S. Korea joins 14 nations in forging ahead with Asia-Pacific trade deal

2019.11.05 13:33:07 | 2019.11.05 13:52:31

The leaders of ASEAN, South Korea, Japan and China pose for commemorative photos at the 22nd ASEAN Plus Three summit held at the IMPACT Forum building in Bangkok on Oct. 4, 2019. At the summit, South Korea’s President Moon Jae-in called for stronger regional cooperation and efforts to safeguard free trade. [Photo provided by Lee Chung-woo]이미지 확대

The leaders of ASEAN, South Korea, Japan and China pose for commemorative photos at the 22nd ASEAN Plus Three summit held at the IMPACT Forum building in Bangkok on Oct. 4, 2019. At the summit, South Korea’s President Moon Jae-in called for stronger regional cooperation and efforts to safeguard free trade. [Photo provided by Lee Chung-woo]

South Korea and 14 neighboring countries from the Asia-Pacific region on Monday agreed on the final terms of China-backed Asia-Pacific trade deal, moving a step closer towards signing the deal next year to raise regional competitiveness against growing protectionism on the global trade front.

According to the trade ministry on Tuesday, 15 out of 16 participants at the East Asian Summit in Bangkok on Monday have agreed to sign onto all 20 chapters of the Regional Comprehensive Partnership (RCEP), a mega trade deal in the Asia Pacific region initiated by China, in February next year after legal reviews for the draft terms.

India withheld decision, citing its mounting deficit in trade with China and concern for damages to the local farming and other industries.

Some raised concerns that the agreement “is incomplete” without India, the world’s seventh largest economy with 1.3 billion people. Initially, the deal was to loop in all 10 ASEAN countries plus South Korea, Japan, China, India, Australia and New Zealand.

The remaining members vowed to work together with India to resolve the raised concerns in a mutually satisfactory way for India so that India can sign on the deal next year.

When including India, the RCEP would be the world’s largest free trade agreement with members of 16 countries accounting for 32 percent of global GDP, 29 percent of global trade and 48 percent of the entire population in the world.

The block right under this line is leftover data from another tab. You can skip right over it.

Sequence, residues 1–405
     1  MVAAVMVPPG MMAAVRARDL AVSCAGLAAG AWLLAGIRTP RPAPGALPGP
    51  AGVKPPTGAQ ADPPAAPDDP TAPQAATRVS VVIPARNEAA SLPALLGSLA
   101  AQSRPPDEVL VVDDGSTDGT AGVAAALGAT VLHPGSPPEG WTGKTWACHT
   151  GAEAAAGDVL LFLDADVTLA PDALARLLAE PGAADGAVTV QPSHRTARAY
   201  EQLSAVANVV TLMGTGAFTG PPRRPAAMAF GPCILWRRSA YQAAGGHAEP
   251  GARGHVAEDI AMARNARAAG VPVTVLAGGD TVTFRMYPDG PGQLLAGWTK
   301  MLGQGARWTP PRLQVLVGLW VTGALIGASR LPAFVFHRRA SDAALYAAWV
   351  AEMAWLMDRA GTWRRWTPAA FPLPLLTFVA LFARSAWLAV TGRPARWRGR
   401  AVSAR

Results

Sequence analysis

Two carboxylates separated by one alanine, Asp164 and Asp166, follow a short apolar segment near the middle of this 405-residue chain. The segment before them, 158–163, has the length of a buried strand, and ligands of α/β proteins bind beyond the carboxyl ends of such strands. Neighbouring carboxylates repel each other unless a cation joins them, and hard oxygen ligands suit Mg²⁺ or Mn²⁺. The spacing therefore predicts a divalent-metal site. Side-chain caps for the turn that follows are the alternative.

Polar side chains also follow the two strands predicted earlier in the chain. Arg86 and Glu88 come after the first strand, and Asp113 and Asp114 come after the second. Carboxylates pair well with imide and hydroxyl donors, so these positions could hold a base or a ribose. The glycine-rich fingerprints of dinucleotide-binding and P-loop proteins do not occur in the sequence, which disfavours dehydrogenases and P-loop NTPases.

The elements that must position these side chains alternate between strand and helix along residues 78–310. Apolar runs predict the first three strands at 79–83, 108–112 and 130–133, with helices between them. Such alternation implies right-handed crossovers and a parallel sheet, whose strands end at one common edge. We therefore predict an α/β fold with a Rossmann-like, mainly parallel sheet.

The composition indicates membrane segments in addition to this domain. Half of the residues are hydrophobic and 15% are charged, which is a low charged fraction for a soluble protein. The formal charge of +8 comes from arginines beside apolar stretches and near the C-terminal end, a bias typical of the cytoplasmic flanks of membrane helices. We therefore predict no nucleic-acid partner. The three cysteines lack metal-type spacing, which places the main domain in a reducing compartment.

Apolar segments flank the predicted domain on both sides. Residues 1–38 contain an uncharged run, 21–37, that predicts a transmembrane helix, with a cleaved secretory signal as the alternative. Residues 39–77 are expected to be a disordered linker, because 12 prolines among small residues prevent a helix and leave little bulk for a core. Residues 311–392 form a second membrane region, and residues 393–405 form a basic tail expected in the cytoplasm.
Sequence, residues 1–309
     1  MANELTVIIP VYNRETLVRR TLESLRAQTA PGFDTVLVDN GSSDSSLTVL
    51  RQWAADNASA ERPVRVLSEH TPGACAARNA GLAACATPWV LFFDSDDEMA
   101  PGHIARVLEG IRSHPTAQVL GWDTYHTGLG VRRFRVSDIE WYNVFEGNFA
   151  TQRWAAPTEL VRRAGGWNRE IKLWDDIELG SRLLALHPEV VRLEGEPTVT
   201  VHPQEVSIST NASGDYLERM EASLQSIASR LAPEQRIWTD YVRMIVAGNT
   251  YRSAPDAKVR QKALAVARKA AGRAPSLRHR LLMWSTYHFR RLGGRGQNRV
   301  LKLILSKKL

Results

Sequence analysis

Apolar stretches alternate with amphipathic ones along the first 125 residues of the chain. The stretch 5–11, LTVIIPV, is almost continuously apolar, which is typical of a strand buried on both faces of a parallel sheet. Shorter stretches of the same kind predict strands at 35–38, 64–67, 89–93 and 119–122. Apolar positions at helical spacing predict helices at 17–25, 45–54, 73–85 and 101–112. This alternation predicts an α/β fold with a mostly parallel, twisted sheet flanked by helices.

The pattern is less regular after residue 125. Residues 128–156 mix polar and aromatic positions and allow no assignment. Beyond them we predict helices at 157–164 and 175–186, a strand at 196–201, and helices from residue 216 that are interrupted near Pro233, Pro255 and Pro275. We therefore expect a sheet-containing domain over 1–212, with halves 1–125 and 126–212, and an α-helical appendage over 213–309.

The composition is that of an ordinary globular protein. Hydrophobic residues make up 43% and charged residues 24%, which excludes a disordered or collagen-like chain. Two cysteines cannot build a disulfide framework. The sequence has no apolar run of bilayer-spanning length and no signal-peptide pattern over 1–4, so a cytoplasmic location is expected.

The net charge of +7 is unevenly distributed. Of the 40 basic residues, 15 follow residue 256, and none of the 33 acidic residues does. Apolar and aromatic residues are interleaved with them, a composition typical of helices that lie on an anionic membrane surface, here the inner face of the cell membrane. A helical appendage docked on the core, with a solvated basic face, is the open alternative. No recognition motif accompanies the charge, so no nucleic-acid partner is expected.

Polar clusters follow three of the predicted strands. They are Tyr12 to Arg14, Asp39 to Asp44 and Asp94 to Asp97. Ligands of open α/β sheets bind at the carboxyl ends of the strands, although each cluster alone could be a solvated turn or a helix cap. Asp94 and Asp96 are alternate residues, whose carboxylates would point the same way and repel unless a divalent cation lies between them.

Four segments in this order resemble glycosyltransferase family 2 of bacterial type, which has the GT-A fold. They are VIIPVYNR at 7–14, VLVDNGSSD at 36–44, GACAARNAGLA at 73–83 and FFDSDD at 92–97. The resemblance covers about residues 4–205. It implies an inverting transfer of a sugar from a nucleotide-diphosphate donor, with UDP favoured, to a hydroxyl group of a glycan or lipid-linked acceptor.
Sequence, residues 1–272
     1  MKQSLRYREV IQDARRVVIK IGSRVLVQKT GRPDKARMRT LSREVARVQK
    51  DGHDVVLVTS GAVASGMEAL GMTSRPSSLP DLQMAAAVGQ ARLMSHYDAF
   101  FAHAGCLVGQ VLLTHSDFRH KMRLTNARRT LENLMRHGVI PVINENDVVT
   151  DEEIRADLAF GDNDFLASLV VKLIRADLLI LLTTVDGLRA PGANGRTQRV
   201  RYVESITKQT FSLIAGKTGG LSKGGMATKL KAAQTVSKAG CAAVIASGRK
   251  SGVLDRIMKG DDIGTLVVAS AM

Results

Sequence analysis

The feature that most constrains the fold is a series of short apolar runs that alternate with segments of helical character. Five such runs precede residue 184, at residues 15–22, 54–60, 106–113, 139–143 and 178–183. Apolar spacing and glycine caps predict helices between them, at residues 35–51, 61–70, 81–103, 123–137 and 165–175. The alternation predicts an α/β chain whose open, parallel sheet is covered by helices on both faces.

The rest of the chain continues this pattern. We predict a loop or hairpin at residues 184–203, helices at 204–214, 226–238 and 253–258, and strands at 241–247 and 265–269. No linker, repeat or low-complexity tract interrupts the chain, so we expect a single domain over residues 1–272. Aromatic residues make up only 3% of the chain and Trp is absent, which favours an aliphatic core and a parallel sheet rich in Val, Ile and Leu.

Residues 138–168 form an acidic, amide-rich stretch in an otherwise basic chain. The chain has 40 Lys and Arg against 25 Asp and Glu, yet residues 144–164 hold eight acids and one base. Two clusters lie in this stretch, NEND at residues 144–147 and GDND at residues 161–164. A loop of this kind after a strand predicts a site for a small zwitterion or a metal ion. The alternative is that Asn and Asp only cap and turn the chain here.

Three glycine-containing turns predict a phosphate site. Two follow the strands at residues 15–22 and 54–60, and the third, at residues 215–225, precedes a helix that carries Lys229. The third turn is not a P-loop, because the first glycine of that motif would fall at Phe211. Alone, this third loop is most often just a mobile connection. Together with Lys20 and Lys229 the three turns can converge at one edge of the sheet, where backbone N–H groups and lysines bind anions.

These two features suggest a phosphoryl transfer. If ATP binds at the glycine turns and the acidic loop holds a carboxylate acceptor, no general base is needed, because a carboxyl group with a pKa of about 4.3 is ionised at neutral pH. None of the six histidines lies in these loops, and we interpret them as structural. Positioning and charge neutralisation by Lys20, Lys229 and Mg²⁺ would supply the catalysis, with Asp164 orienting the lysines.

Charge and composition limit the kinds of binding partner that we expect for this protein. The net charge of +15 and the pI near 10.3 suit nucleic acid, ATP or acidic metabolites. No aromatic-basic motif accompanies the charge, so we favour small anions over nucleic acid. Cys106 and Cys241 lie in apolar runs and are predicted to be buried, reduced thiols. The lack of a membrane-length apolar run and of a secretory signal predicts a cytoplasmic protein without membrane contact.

“It could be an opportunity to help our companies make headway to other promising markets,” said a Korean government official, citing the participating countries’ economic growth and populations.

China’s GDP grew 6.8 percent in 2017, India 6.7 percent, and Vietnam 6.3 percent, much bigger than the growth of other major economies such as 1.6 percent of the U.S. and 1.7 percent of the Eurozone.

Korea’s real GDP upon the signing of the deal is estimated to grow by 1.21 to 1.76 percent for the following 10 years, with consumer benefits rising $11.351 billion to $19.456 billion, according to the Korea Institute for International Economic Policy.

The Korean government also is betting big on the agreement as it has decided to stay out of the Japan-led trade initiative, or the Comprehensive and Progressive Agreement for Trans-Pacific Partnership (CPTPP).

The RCEP talks started in 2012 with the year’s East Asia Summit. Around 30 official negotiations and 20-some ministerial meetings had been held to iron out details for the 15-country mutual agreement.

Intended to further expand and deepen regional value chains for the benefits of businesses, workers, producers and consumers, “RCEP will significantly boost the region’s future growth prospects and contribute positively to the global economy, while serving as a supporting pillar to a strong multilateral trading system and promoting development in economies across the region,” said a joint statement from the leaders of the 15 countries.

The deal also would provide a great safety net to countries in the region amid rising uncertainties in the global trade from growing protectionism and ongoing trade disputes between the world’s two biggest economies the U.S. and China, analysts said.

By Lim Sung-hyun and Lee Ha-yeon

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